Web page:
Andre Agassi, and a Lesson in Credibility Lost, Credibility Regained

OpenCredibility really is the coin of the realm…

The word “credit” comes from the Latin word that means “to believe.”  The crisis in America and for 300 million Americans is the lack of credit, the lack of credibility, and the lack of confidence that has rocked our nation to the very core. (Frank Luntz, What Americans Really Want…Really).

I’ve been thinking a lot about credibility lately.  You can use a few more words to describe this rare and great trait:   trustworthiness, reliability.  You know the concept – a person, a company makes a claim.  The request is:  “trust me.”  And then the claim turns out to be not quite what was promised.  You are disappointed, and the company/individual loses credibility.  Credibility lost is really, really hard to restore.  And there is a lot of credibility that has been lost in the current era.

AgassiI thought of that as I watched the 60 Minutes interview with Andre Agassi.  He has written an autobiography, Open:  An Autobiography, and Katie Couric interviewed him in just the right way, allowing him to tell his story, with no holds barred.  It was filled with very open admissions and confession. He hated tennis (to some extent, still hates tennis).  He wore hair weaves, and was scared to death that one would fall off in mid-tournament (and his hair was definitely part of his persona, his “brand”).    He took crystal meth for the better part of a year, and lied about it.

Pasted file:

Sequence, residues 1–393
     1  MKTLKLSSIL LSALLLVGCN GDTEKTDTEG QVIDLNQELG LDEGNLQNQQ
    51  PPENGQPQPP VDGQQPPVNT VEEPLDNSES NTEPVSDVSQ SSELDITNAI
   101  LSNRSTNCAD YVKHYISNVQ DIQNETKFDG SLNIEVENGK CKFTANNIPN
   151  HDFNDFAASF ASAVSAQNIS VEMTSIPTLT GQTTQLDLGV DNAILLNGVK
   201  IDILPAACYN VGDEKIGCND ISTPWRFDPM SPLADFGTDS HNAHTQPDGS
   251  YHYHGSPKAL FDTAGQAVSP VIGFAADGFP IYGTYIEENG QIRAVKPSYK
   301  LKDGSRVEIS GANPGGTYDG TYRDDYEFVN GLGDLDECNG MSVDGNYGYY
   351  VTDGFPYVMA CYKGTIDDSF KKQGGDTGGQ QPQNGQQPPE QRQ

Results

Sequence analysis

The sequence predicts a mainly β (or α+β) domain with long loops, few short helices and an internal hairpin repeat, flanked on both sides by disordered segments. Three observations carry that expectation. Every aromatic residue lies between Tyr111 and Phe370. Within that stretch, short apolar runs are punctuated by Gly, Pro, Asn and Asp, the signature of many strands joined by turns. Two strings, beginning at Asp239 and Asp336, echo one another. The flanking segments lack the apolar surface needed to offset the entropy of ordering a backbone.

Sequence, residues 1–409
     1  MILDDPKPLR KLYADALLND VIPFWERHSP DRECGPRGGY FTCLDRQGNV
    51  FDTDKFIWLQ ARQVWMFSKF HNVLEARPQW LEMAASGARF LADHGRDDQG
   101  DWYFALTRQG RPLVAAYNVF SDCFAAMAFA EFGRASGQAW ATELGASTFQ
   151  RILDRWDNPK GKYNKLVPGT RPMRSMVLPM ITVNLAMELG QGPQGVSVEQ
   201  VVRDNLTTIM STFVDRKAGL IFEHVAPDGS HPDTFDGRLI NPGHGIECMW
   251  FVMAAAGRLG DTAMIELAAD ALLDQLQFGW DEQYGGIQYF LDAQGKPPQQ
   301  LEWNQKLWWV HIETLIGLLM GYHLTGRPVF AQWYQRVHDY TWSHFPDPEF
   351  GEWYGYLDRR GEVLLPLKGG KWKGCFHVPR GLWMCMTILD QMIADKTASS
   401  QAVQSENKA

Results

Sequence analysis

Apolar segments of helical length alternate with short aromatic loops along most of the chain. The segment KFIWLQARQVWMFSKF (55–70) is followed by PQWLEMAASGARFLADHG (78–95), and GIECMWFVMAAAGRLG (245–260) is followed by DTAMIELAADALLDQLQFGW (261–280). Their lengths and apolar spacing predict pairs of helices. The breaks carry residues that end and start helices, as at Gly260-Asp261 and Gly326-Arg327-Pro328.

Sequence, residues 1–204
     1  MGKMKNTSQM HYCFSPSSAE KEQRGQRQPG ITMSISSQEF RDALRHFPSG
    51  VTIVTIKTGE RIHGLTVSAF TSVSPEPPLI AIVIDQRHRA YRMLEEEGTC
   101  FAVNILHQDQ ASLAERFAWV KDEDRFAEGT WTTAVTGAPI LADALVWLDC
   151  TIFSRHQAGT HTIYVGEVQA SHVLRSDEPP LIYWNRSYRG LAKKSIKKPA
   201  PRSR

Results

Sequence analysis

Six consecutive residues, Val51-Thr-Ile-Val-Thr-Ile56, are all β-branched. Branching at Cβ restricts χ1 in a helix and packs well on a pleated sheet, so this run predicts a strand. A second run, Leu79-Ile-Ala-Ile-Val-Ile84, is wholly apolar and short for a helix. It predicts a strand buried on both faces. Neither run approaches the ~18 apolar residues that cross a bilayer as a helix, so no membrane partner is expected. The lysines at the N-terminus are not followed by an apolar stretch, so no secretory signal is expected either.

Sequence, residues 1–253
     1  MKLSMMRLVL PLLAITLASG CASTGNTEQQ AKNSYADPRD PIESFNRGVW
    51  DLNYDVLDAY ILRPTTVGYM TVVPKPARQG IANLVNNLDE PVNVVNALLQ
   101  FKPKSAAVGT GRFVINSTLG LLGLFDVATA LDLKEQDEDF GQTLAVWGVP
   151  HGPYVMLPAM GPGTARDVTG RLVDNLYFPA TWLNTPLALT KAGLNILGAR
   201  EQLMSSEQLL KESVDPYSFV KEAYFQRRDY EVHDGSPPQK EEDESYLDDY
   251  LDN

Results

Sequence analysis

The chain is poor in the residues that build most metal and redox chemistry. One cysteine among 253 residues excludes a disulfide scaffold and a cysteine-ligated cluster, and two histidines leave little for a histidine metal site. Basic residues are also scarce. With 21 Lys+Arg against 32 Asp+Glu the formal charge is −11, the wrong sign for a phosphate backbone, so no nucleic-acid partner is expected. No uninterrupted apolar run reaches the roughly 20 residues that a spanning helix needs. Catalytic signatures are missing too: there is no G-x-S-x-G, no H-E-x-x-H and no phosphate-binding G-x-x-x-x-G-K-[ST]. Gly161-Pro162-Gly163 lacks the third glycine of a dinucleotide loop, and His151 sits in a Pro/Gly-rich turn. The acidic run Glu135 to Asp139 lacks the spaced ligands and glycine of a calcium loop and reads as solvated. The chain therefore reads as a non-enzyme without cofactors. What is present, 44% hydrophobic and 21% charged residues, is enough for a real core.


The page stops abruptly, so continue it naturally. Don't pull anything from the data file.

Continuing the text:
And he was denied the possibility of a good education by a significantly overly-demanding dad.  His dad demanded a tennis career, and pushed him away from everything else, including education.  This is partly why he has done such a terrific job in providing education for students (he established a successful/impressive school in Las Vegas) in his post-competitive tennis life.

I knew little about his story.  I’m a big believer in second chances, and I finished the interview thinking that here was an example of credibility lost, credibility regained.  But I also ssaw again that when there is no openness, credibility is one of the casualties.  Openness is one of the critical pieces in building, and/or regaining credibility.

Rick Reilly (voted National Sportswriter of the Year eleven times) recently wrote about Agassi and his new book.  Here are a couple of excerpts:

This is Agassi’s mea culpa — “Open” (from Knopf, written with Pulitzer Prize winner J.R. Moehringer) — and from the beginning, he and Moehringer set out to write the most revealing, literate and toes-stompingly honest sports autobiography in history. From the parts I’ve been allowed to read, they might have done it.
Why is Agassi so scorchingly honest in these excerpts? Maybe because he once lived enough lies for five men. Or maybe because, as an educator, he’s heard the truth can set him free.
But hopefully, by the time you close “Open,” you’ll know that this book is about more than the wrong turns he took. It’s about how that broken road led him straight to the good man he is now.

Credibility – openness – honesty.  These are very good traits to aim for and live out in this very uncertain and suspicious era.

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